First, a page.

Divine intervention followed forthwith, as Rhea Silvia became impregnated by Mars, the goddess of war [virgin pregnancies tend to resurface, no?]. Amulius orders the resulting twin boys—Romulus and Remus—to be left on the banks of the Tiber River to perish [Go down, Moses, … ]. Escaping doom, the twins were found and nursed by a she-wolf who brought them to a cave known as “the Lupercal.” Soon thereafter, the infants were found by a shepherd, Faustulus, who took them in and raised them as his own (along with his wife, Acca Larentia). Eventually, having learned of their family story and of the injustice Amulius had wrought, they wrested back control of Alba Longa and restored Numitor, their now-agéd grandfather, to the throne. Wrongs thus righted, the brothers set out, looking to found a city of their own.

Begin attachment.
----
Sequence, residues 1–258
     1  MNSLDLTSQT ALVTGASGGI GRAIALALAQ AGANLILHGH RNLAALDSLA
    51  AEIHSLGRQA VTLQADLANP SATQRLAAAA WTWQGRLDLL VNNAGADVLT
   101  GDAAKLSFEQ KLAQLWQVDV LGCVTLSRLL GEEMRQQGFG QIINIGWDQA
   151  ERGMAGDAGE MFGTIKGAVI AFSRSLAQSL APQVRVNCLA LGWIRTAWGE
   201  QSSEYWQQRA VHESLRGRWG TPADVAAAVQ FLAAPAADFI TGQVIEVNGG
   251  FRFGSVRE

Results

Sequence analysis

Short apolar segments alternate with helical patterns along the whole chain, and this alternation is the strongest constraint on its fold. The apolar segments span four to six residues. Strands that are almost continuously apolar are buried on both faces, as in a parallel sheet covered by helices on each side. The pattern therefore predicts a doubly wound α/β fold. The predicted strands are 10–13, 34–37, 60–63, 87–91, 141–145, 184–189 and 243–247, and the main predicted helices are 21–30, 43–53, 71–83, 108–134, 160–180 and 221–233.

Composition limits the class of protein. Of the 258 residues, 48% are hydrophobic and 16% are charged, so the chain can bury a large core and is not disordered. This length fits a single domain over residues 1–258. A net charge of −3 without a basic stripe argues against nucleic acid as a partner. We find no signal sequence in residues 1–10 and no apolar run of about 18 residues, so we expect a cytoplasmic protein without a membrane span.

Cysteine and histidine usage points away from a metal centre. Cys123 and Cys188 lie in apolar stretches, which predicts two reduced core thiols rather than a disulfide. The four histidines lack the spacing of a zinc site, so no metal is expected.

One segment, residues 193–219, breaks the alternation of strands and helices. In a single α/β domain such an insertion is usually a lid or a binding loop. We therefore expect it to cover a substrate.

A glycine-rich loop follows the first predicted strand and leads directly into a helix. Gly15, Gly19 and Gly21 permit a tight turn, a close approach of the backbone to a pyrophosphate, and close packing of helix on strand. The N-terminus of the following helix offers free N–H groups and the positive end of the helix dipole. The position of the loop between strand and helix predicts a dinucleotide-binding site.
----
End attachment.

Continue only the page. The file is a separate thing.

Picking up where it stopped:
The twins and their followers journeyed west to a marshy spot near the Tiber River, ringed by seven hills—the Palatine, the Quirinal, the Esquiline, the Caelian, the Aventine, and the Capitoline. Romulus surmounted the Palatine Hill and began setting the boundaries of a new hamlet, Rome. The legendary date of this founding is April 21, 753 B.C. Remus, in scorn, leapt over the Rome’s diminutive walls. Romulus, ever the patriot, felled his brother with his blade, declaring, “Sic deinde, quicumque alius transiliet moenia mea”—“Thus henceforth to anyone who should o’erleap my bulwarks.”